2016: Skin Pharmacology and Physiology
Antonella Casiraghi, Umberto M Musazzi, Paolo Rocco, Silvia Franzè, Paola Minghetti
BACKGROUND/AIM: Topical β-blockers have recently been proposed as a valid alternative to oral drugs for treating cutaneous infantile haemangiomas, but clinical results in the literature are inconsistent due to the empirical choice of topical preparations. The current investigation aimed to rationalize the selection of a semi-solid vehicle for a locally applied drug product containing 1% w/w propranolol hydrochloride (PR-Cl). METHODS: A hydrophobic ointment of PR-Cl, two lipophilic creams, and a hydrophilic cream were prepared...
2016: Skin Pharmacology and Physiology
Gunhyuk Park, Dal-Seok Oh, Yong-Ung Kim, Moon-Ki Park
BACKGROUND/AIMS: Wound healing is a complex regeneration process involving the degradation and reassembly of connective tissues and skin layers. Previous studies have shown that pH plays a significant role in both the direct and indirect regulation of cellular processes in the wound, which, in turn, affect the wound healing process. However, the effects of pH on the collagen breakdown component of wound healing have yet to be investigated. Therefore, we investigated the induction of accelerated collagen breakdown by pH imbalance in the skin...
2016: Skin Pharmacology and Physiology
Jazli Aziz, Hafiz Shezali, Zamri Radzi, Noor Azlin Yahya, Noor Hayaty Abu Kassim, Jan Czernuszka, Mohammad Tariqur Rahman
Collagen and elastin networks make up the majority of the extracellular matrix in many organs, such as the skin. The mechanisms which are involved in the maintenance of homeostatic equilibrium of these networks are numerous, involving the regulation of genetic expression, growth factor secretion, signalling pathways, secondary messaging systems, and ion channel activity. However, many factors are capable of disrupting these pathways, which leads to an imbalance of homeostatic equilibrium. Ultimately, this leads to changes in the physical nature of skin, both functionally and cosmetically...
2016: Skin Pharmacology and Physiology
Iman Seleit, Ola Ahmed Bakry, Hala Saed El Repey, Raghdaa Ali
Skin is a target organ of sex steroids which play important roles in skin health and disease. The aim of this study is to investigate the expression of estrogen receptor β (ERβ) and androgen receptor (AR) in human skin from different age groups for a better understanding of the hormonal regulation of skin aging. Using standard immunohistochemical techniques, biopsies of sun-unprotected and sun-protected skin were taken from 60 normal subjects. Sun-protected skin showed significantly higher immunoreactivity for ERβ and AR compared to sun-unprotected skin of all age groups...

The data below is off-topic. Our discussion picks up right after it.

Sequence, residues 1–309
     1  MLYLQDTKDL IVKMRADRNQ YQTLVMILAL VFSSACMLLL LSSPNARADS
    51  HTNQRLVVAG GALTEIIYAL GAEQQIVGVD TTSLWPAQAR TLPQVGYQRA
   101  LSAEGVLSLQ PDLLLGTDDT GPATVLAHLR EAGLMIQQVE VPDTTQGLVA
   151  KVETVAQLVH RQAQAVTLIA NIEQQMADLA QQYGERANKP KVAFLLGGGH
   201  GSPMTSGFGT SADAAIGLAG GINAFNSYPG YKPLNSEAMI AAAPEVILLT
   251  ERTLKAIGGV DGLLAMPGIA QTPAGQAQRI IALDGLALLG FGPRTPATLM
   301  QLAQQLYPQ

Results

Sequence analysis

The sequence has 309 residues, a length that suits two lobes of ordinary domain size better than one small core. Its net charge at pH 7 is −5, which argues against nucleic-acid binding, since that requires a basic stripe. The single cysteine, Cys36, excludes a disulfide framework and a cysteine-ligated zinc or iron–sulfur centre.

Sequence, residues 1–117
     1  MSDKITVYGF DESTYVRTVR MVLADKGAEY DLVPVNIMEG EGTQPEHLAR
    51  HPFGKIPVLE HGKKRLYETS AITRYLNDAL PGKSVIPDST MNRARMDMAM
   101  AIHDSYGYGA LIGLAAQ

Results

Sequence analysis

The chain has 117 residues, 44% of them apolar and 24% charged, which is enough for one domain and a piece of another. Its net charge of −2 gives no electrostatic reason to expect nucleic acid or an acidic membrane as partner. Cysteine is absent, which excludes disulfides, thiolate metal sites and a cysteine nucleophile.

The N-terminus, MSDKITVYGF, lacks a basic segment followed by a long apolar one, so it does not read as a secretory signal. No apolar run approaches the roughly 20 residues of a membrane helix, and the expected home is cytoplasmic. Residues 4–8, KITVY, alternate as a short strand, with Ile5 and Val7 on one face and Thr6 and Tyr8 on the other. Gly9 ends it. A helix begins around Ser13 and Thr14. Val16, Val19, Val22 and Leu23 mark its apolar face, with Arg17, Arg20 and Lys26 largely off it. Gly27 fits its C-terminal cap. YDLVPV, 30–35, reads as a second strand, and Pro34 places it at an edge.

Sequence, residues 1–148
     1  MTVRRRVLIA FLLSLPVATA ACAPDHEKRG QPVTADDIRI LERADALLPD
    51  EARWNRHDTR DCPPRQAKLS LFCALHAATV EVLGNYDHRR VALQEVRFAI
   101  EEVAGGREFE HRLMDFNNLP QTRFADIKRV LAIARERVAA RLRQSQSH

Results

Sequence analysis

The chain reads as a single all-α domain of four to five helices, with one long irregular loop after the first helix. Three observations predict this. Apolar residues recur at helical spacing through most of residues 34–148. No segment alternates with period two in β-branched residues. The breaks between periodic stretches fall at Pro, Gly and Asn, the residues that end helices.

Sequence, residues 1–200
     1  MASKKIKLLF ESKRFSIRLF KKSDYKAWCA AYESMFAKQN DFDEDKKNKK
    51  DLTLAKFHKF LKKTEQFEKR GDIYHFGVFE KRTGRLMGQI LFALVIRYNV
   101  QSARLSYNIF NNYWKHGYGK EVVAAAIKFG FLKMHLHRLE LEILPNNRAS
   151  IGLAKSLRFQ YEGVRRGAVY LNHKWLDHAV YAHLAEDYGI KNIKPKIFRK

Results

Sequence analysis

2016: Skin Pharmacology and Physiology
Estibalitz Fernández, Lluís Fajarí, Gelen Rodríguez, Mercedes Cócera, Verónica Moner, Lucyanna Barbosa-Barros, Christina S Kamma-Lorger, Alfonso de la Maza, Olga López
AIM: In this work the effect of infrared (IR) radiation, at temperatures between 25 and 30°C, on the formation of free radicals (FRs) in the skin is studied. Additionally, the influence of IR radiation at high temperatures in the degradation of skin collagen is evaluated. In both experiments the protective effect against IR radiation of phospholipid nanostructures (bicosomes) incorporating β-carotene (Bcb) is also evaluated. METHODS: The formation of FRs in skin under IR exposure was measured near physiological temperatures (25-30°C) using 5,5-dimethyl-1-pyrroline-N-oxide spin trap and electron paramagnetic resonance (EPR) spectroscopy...
2016: Skin Pharmacology and Physiology
Schapoor Hessam, Michael Sand, Dimitrios Georgas, Agnes Anders, Falk G Bechara
BACKGROUND: The role of bacterial colonization in hidradenitis suppurativa (HS) lesions is poorly understood. To date, data on the related microbial profile and especially on bacterial resistance rates are scarce. METHODS: The results of bacterial cultures and susceptibility patterns of the isolated microorganisms obtained from deep portions of HS lesions from patients who underwent surgery at our HS Centre between 2010 and 2015 were retrospectively evaluated. RESULTS: Analyses of 113 bacterial samples from 113 HS patients revealed bacterial growth in 95 samples (84...
2016: Skin Pharmacology and Physiology
Tomoyuki Nishizaki
The present study assessed the possibility for the linoleic acid derivative 8-[2-(2-pentyl-cyclopropylmethyl)-cyclopropyl]-octanoic acid (DCP-LA) as an antiaging compound for the skin by assaying senescence-associated β-galactosidase (SA-β-Gal), a biomarker of senescence and cell viability. The nitric oxide (NO) donor sodium nitroprusside (SNP) increased in SA-β-Gal-positive cells in cultured human fibroblasts and mouse keratinocytes, and DCP-LA significantly inhibited the effect of SNP. Moreover, SNP induced cell death in cultured mouse keratinocytes, and DCP-LA significantly prevented NO stress-induced death of keratinocytes...